Webinar presenter John Griffin answered a number of your questions after his presentation, Wildlife and Rabies. Here are just a few of his responses.
Audience Question: Is there a reason why Hawaii doesn’t seem to have any cases of rabies?
John Griffin: It has something to do with it being an island. It just hasn’t gotten – an animal that is carrying the disease hasn’t gotten over there. There are some of these areas across the globe that doesn’t have rabies or it has had it in the past, it has been eradicated and there’s a lot of work done to make sure it doesn’t start up again, become epizootic. It certainly is because it is an island.
Audience Question: Is there somewhere perhaps on the CDC site where we can find reports of all rabid animals found in a particular jurisdiction?
John Griffin: You can go to the – it might be easier for me to send a link out. Is that something I can do, Aaron?
Aaron Gorrell (host): Yeah absolutely if you just want to send that to me, I will add that link to the course page so that everyone who is attending this webinar can grab that URL up.
John Griffin: Okay, so the current report is, you can go to the journal American Veterinary Medical Association. It is the December 18th, 2018, volume 253, it is pages 1555 through 1568. It’s in that journal, published in 2018. I can send you the actual PDF of the paper and you can actually drill down to this information. It actually is really interesting.
Audience Question: As an ACO, we are required to get the initial 3-shot preventive rabies vaccine and then a booster every two years, how effective are these vaccines if bitten or exposed to a rabid animal?
John Griffin: I think the answer is 100% effective. They have been, I was just going back as you were asking that question, I think the protocol, I’ve had it, been bitten and then have to get a booster after a raccoon bite. The recommended PEP for exposed persons who have previously vaccinated, booster doses of rabies vaccine on days 0 and 3. As far as I’m aware, they are 100% effective.
Audience Question: How do you determine incubation periods in specific species?
John Griffin: The incubation period is really about where it came in and how far the virus has to travel to get to the brain. The bigger species, it may take longer like it does in humans sometimes it takes longer to incubate. From weeks to longer in some animals. It is correlated to how far the virus itself has to keep replicating on that in the nerve tissue before it can reach the brain stem or get past the blood-brain barrier so that it starts replicating like crazy, you start showing the symptoms and by then, then it’s too late to take action.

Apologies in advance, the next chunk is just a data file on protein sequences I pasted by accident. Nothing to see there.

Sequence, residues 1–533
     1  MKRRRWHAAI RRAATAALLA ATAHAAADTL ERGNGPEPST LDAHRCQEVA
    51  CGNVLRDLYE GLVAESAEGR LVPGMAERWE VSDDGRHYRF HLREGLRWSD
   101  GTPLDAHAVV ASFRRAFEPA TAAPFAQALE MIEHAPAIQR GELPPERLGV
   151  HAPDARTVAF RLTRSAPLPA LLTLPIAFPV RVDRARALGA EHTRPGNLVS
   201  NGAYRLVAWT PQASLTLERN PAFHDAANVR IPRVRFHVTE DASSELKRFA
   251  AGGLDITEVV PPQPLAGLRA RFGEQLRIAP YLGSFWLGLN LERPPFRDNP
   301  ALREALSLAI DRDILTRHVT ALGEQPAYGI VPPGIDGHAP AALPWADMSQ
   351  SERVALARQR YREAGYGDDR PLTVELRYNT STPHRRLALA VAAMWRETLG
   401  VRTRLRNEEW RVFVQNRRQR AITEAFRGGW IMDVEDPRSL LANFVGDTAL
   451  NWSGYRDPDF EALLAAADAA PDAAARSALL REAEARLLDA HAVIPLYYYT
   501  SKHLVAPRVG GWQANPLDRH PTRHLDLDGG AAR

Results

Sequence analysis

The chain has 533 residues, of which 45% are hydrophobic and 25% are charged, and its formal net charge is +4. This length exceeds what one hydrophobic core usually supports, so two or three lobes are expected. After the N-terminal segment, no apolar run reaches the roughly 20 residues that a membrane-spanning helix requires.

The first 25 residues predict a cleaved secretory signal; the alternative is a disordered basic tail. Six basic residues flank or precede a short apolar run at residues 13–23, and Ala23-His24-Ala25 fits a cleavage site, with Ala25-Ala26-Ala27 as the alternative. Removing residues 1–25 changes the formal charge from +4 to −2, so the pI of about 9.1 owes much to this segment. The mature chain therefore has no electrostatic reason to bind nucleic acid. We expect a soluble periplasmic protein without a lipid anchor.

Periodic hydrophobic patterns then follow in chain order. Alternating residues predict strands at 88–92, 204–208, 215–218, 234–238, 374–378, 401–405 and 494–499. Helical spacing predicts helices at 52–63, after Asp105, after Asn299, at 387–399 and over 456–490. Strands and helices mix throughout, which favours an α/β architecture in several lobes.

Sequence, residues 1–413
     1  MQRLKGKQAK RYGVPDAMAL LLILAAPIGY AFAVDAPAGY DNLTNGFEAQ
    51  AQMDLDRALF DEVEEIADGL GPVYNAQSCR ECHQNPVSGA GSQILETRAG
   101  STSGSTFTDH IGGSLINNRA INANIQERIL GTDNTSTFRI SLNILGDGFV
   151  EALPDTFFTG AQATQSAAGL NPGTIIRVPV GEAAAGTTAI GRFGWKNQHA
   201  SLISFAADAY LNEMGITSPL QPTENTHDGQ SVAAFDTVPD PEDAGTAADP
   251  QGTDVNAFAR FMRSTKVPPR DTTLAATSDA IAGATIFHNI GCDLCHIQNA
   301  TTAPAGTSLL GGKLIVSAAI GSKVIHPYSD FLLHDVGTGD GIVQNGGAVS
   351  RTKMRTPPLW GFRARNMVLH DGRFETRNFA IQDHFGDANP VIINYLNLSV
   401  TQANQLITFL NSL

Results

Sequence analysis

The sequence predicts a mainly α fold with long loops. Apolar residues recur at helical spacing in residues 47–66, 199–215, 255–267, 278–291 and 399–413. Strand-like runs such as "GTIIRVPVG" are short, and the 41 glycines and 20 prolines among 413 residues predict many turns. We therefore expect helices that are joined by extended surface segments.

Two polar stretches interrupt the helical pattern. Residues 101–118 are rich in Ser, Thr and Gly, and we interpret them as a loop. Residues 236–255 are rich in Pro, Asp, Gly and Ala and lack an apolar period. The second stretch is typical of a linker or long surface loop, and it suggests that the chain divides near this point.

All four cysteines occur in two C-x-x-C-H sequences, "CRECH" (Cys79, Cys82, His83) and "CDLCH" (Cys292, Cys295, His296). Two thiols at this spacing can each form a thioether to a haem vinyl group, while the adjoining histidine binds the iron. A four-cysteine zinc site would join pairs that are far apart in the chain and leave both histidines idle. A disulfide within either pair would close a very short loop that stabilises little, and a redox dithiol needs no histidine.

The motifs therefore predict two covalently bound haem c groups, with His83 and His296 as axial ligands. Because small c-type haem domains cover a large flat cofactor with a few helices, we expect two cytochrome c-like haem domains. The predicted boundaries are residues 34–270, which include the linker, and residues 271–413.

Audience Question: If we come across the situation where the dog-owner has raccoons living in their backyard, should we recommend trapping the raccoon so that they can be removed?
John Griffin: No. Raccoons live in a lot of people’s yards. Some people don’t know that. Most of the time people are not aware of it. They live right under our noses. It’s common. These animals have adapted and flourished in urban areas. They belong there as the – it might think that they don’t because it is a human-dominated landscape or what we might consider marginal habitat. They do belong. There’s no way of removing them and there’s no reason to remove them unless you know has actually been an interaction and an exposure bite or they’re clearly sick or injured. Animals that are just going about in their business would be to they appreciate them and let them do that
Audience Question: Do you recommend testing wildlife that displays symptoms but have not been exposed to a human? Would that help the CDC report?
John Griffin: I don’t know enough that part of it. It is sort in the realm of rabies surveillance and I think that’s something that sometimes the Department of Health is, that is their jurisdiction deciding if they are interested understanding you know an animal has rabies. I think that’s common practice if the animal is sick, clearly showing those kinds of signs that it often gets tested then those jurisdictions. It ends up going to the system and gets submitted eventually to the CDC for these kinds of reports
Audience Question: Does the vaccine given to domestic animals protect against all variants of the rabies virus?
John Griffin: It does. The variant is – it is really confusing. The variant is really just connected to the idea that that type of rabies variant is just a little bit different but it still does the same kind. It is still rabies virus to us or to any other animal. It’s just it has some sort of identifying factor to it. It has a preference for that particular species. That is how they kind of track it and they sort of investigate it and there are medical professionals and science folks that are involved in tracking have outlined these 8 different – slightly different from one another and their preference for one or the other of these hosts, the raccoons, the coyotes, the fox, the skunks. It is a confusing thing. It is still connected to the preference to the host species. Vaccine will absolutely respond to, the virus will respond to the vaccine if caught in time.
Click Here to Watch a Recording of Wildlife and Rabies.